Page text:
"In selecting the theme of 'Belonging' at this moment in time and place, the Biennial hopes to address itself to questions that explore how art may overlap with history and how artists may intervene in our space to allow us to think across cultural divisions and beyond our differences." That's what their opening press release said. Other public pronouncements, even if coloured by local complexities, also point to the issue of migration and identity which has been the topic of various recent major exhibitions.
Aside from this somewhat forced thematic gymnastics, Persekian has put together a show, with respect for the individual work, which can hold its head high in the world of similar events. In the fashionable Expo Centre, in the Sharjah Art Museum and spread out around the semi-public spaces of the museum campus, works of around seventy artists from around forty countries are presented.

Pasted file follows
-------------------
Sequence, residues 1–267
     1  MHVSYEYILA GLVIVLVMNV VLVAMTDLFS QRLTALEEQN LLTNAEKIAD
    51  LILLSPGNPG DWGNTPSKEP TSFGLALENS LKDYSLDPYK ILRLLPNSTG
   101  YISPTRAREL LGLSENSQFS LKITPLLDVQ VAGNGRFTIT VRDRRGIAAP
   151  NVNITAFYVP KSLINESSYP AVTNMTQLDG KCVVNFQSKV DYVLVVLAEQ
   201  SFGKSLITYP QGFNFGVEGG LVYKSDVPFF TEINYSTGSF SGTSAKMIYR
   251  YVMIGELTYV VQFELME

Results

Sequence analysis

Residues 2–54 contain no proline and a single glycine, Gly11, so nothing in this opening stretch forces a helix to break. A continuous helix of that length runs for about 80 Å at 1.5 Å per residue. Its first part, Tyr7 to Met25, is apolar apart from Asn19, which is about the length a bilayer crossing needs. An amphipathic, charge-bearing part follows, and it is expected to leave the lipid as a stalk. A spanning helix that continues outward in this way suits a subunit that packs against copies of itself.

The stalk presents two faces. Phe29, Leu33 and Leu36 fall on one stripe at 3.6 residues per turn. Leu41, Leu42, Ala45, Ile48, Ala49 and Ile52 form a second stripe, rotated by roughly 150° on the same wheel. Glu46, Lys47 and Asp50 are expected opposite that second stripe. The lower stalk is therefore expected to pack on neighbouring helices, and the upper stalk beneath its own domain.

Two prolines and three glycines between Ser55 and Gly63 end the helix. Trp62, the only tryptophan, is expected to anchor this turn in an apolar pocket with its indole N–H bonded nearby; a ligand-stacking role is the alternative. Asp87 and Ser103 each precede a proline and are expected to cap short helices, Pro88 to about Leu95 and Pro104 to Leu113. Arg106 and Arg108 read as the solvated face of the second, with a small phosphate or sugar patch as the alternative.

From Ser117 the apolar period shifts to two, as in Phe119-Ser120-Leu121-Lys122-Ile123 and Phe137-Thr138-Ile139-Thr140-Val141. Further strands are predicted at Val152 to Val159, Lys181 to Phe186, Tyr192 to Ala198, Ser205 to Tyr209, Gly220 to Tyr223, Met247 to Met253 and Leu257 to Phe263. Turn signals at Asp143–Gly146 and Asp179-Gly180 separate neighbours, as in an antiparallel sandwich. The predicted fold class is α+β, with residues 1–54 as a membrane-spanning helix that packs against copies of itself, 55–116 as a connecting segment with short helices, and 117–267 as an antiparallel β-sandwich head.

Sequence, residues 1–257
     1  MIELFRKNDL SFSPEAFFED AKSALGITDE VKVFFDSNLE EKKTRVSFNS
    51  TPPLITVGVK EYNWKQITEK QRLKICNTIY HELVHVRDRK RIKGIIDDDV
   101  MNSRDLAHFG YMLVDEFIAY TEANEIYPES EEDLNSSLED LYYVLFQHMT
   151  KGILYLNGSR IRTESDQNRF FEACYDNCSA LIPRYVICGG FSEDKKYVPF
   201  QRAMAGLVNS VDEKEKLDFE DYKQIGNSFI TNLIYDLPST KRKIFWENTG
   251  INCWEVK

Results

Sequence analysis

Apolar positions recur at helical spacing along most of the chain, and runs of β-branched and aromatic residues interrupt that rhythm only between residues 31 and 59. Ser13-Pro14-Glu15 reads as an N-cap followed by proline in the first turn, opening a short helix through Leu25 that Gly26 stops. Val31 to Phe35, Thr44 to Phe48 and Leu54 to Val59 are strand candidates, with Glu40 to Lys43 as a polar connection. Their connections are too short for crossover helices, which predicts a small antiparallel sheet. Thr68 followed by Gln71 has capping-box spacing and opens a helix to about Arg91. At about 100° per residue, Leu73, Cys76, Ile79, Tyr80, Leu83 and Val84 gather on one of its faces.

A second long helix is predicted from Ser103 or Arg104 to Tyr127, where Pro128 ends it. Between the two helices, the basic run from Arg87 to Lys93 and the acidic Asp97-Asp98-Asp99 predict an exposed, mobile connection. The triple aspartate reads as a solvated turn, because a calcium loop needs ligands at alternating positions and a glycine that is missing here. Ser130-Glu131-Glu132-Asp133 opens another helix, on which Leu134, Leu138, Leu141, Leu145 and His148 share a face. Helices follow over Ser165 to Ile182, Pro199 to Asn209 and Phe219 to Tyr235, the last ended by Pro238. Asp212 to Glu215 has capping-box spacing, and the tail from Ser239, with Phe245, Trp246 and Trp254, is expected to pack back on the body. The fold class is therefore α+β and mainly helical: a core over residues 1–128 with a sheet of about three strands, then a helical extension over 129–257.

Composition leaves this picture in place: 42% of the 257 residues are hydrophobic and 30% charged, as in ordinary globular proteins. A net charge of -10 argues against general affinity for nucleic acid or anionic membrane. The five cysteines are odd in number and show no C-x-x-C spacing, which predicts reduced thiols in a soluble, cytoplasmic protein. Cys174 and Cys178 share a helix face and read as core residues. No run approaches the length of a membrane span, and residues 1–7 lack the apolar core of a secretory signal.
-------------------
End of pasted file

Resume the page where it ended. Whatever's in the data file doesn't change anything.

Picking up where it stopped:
Many of them are large-scale sculptures or installations, multiple video projections or photographic presentations. Almost all of them are presented in their own space – possible interaction between them is thus made impossible, but they can unfold their complexity unhindered.
Bearing in mind the generalised thematic of this Biennial, it's almost astonishing how many of the works deal more or less directly with local motifs. Not only artists from the region have allowed themselves to experiment with an artistic version of exploratory oil drilling in the Gulf.